Spring '13 Infocus

June 4-6, 2013 | Chicago, Illinois

How to transform influencers into storytellers

breakthrough

Brands want to connect with digital influencers. But more importantly, they want those people to become brand storytellers. Here's how to make this transition with moms.

Everyone's talking about the rise of the digital mom. The smartphone is the greatest tool for a mom because she is fundamentally a multi-tasker. In a survey, 50 percent of moms said they always have their phone within arm's reach (even while sleeping), and half of moms also said they would rather give up their wedding rings than their technology. In a world where moms turn to technology for almost everything, many questions are raised. How do we, as marketers, reach them? How do we cut through the noise? And how do we allow them to speak for the brands they rely on most?

At Disney Interactive Family's Spotlight presentation at the iMedia InFocus Summit in Chicago, Ill., Brooke Chaffin, SVP of women and family at Disney Interactive Family, and Catherine Connors, editor-in-chief at Disney Interactive Family, walked attendees through the process of creating and nurturing storytellers -- the ultimate influencers for your brand. At a summit where the theme was "What Women Want from Brands," Chaffin and Connors brought many unique considerations to the table.

According to Chaffin, engaging and elevating women as storytellers in their communities is a powerful and lucrative move. At Disney Interactive Family, the products are designed for moms, and the most important thing to remember about this demographic is that moms are multi-dimensional. While there are many things moms have in common, the greatest trait they share is that they have their own individual needs, and they won't stand for being oversimplified.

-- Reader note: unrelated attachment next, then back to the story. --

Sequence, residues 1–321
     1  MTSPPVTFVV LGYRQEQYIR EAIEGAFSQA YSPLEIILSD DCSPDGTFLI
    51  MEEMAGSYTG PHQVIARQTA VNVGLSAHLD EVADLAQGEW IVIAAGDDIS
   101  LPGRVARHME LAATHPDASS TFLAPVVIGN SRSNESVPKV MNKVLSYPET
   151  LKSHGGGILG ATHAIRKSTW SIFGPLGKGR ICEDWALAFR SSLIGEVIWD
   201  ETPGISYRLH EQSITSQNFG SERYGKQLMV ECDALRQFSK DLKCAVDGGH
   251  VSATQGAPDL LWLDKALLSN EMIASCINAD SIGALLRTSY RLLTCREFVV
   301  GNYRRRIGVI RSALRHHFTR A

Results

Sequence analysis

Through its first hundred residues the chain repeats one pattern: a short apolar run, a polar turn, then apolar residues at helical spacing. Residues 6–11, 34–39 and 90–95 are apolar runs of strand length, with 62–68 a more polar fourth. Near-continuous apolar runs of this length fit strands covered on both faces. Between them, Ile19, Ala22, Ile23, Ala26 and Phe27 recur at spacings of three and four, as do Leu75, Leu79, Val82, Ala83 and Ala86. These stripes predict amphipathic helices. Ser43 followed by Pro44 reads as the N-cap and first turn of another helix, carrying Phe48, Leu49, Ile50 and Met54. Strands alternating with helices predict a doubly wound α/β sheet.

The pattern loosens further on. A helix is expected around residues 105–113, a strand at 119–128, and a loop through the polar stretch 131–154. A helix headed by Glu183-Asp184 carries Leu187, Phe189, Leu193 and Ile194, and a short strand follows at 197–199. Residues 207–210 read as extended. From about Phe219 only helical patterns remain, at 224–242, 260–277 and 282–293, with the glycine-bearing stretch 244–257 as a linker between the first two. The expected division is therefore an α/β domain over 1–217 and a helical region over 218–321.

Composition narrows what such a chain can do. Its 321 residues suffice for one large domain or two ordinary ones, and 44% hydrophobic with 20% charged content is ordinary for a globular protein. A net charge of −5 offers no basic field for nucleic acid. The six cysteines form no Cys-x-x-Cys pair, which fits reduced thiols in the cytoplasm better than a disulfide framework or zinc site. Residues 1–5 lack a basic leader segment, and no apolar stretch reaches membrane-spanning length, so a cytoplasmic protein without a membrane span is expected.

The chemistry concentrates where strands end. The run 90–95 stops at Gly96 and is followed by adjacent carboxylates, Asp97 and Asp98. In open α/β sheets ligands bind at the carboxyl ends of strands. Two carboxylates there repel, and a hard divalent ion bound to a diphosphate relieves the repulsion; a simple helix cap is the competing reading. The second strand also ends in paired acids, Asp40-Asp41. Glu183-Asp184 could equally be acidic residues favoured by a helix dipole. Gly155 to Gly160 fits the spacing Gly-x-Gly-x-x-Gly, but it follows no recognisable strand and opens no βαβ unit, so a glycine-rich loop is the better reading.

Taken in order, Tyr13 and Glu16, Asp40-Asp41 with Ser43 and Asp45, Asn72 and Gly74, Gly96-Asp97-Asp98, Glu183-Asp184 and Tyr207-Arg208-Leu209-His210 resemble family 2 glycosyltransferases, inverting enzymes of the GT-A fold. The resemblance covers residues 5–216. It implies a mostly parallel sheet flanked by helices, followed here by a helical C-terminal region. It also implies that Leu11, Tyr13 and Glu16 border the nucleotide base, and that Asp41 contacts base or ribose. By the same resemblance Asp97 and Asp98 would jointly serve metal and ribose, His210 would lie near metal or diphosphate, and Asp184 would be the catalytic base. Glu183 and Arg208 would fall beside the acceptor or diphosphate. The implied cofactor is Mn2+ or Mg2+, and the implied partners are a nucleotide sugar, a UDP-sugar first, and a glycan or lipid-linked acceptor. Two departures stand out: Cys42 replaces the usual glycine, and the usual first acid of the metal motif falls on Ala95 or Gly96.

Chaffin and Connors cited three important rules to consider when attempting connect with moms:

Make sense of what moms already have

According to Chaffin, the answer to what moms want is nothing. Today's digital mom is overwhelmed with information -- she has much more than she needs. If anything, she needs a tool to reduce the noise. The most useful channels to her are streaming video (Netflix), mobile, and social (Pinterest). Moms these days have enough coming at them. What they need is help deciding what products are best and what tools are most helpful.

Moms are women too

Connors echoed that it is imperative to look at women as multi-dimensional people. And that means that when a woman becomes a mom, she doesn't stop being a woman -- and she doesn't stop being herself. Every mom has her own story to tell, and it is through her own individual experience that she can connect with other moms.

One thing that connects moms is that they listen to other moms. Forty-four percent of moms are more likely to purchase from a company they "like" on Facebook. In addition, moms take note of what their friends and other moms "like." But they want to know why. These moms don't just want a simple recommendation; they want the whole story.

Moms needs to connect and be heard

Women are more skilled communicators than men, and they need to communicate more often, said Connors, adding that while women speak more than 7,000 words per day on average, men only speak about 2,000. So there's no question that women want to tell their stories, and they want someone to listen.

So how do you get your brand into her story? This cannot be forced. A great brand storyteller must be empowered, and women want to tell stories on their own terms. They don't want to tell a brand's story; they want to tell their own stories. They don't want to be sellers; they want to be essential voices in the community.

So what can we do as marketers? Amplification is the key! Women already want to speak and connect, but we have to help make sure their voices are heard. Only then can we start to see a new generation of women driving engagement and awareness around leading brands and products.